The SABC seems to be leaning largely on the side of possession of a TV set and its new technological “equivalents” (laptops, tablets, smartphones). It seems to say that if you are in possession of a TV set or its new equivalents that are equally capable of receiving TV broadcasts signals you must pay for the upkeep of the SABC, a PSB. The SABC, in the spirit of the Act and regulations, seems to be correct, only to a degree.
The Act and regulations care less if you are then going to use your TV set for any other purpose such as to play video games. Indaba yakho leyo – that’s your problem. In fact, the SABC seems to just to enforce what it is asking for, not so much ask for the amendment. In the regulations , for example, the definition of “television set” “includes computers fitted with electronic broadcast cards (television tuner cards) and the electronic broadcast cards themselves.
There are also moral questions that South Africans are asking and cannot be avoided. These relate to corruption, nepotism, political and ideological orientation, financial prudence, relevance and legitimacy with regard to the SABC. These are critical questions. There are aspects of the SABC, particularly in its management , more on TV news (although getting better after that parliamentary drama) and far less so on radio current affairs that resemble a national broadcaster other than a PSB. Yet the same moral question we ask of the SABC can be asked of South African Social Security Agency (Sassa).
As angry as we can be about Sassa, we don’t starve the poor, do we? On the question of relevance, when was the last time you were the beneficiary of the immediate services of the national defence force or some obscure taxpayer funded-academic journal? Yet you have not withdrawn your tax, have you? If the SABC it to be boycotted for moral reasons, that is a different matter altogether.
In all fairness and as problematic as some components of the SABC are, it cannot be expected, when it receives so little from government, to provide free services to undeserving members of the public. The SABC is a huge institution; it spends millions of rands in running its various operations: keeping people in its employ and developing and sourcing its content. This is expensive.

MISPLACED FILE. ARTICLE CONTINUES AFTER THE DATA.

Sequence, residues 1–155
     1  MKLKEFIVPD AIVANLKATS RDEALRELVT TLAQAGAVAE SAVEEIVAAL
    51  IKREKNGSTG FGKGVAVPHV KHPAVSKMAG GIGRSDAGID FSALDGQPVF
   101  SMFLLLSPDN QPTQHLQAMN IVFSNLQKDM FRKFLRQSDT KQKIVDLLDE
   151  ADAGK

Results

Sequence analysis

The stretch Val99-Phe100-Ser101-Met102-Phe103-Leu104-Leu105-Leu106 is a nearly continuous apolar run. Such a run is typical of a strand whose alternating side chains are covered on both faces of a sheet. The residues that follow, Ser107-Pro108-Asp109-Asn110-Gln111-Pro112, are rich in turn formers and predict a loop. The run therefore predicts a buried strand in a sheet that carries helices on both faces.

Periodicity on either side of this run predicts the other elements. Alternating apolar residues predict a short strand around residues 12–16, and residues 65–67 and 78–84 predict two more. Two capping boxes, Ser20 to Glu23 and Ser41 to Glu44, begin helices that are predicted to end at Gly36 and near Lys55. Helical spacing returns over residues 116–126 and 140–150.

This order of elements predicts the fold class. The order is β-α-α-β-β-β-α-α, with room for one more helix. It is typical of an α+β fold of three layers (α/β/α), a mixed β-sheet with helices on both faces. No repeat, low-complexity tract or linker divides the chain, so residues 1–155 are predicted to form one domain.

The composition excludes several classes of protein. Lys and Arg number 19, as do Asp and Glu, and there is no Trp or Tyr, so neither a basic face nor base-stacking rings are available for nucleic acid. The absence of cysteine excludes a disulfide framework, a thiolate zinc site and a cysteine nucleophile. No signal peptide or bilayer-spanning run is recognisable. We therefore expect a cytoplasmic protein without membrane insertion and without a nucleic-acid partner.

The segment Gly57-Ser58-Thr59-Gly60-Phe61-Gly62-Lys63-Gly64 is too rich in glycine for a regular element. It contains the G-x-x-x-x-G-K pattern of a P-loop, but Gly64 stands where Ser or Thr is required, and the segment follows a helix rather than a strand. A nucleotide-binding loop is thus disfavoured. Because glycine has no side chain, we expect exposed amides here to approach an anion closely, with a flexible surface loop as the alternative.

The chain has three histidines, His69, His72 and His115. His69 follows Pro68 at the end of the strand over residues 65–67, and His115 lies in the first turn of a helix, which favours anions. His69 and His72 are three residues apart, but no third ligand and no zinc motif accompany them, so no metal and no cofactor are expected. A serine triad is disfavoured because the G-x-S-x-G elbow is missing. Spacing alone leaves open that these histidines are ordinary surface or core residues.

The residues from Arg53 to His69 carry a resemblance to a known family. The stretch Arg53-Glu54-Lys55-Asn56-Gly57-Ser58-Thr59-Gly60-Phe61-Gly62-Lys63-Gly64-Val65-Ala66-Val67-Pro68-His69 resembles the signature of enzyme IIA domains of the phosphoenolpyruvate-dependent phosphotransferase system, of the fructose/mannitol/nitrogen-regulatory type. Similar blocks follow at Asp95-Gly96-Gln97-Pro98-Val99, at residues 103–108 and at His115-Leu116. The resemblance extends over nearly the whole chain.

To the degree then that the Act allows the SABC to operate in the private market, prescribes the payment of TV licenses fees and provides no other sources of funding that replaces TV license fees, qualifying receivers of SABC transmissions should, irrespective of the device they use, pay, since they are treated as customers, not necessarily as citizens.
They pay to receive services of DStv services. They do the same for Netlix, Showmax and Amazon Prime. They pay MTN, Cell C and Vodacom. They pay for Telkom and Mweb services. They pay for newspaper subscriptions. Newspaper organisations whose content is free are almost falling apart. So why should any self-respecting organisation that is also supposed to subsidise the poor through concessionary domestic silence, provide free content? Yet paying for services received and having my device for receiving them licensed are two different things. The problem in this instance is not the SABC, but the regulatory regime within which it falls.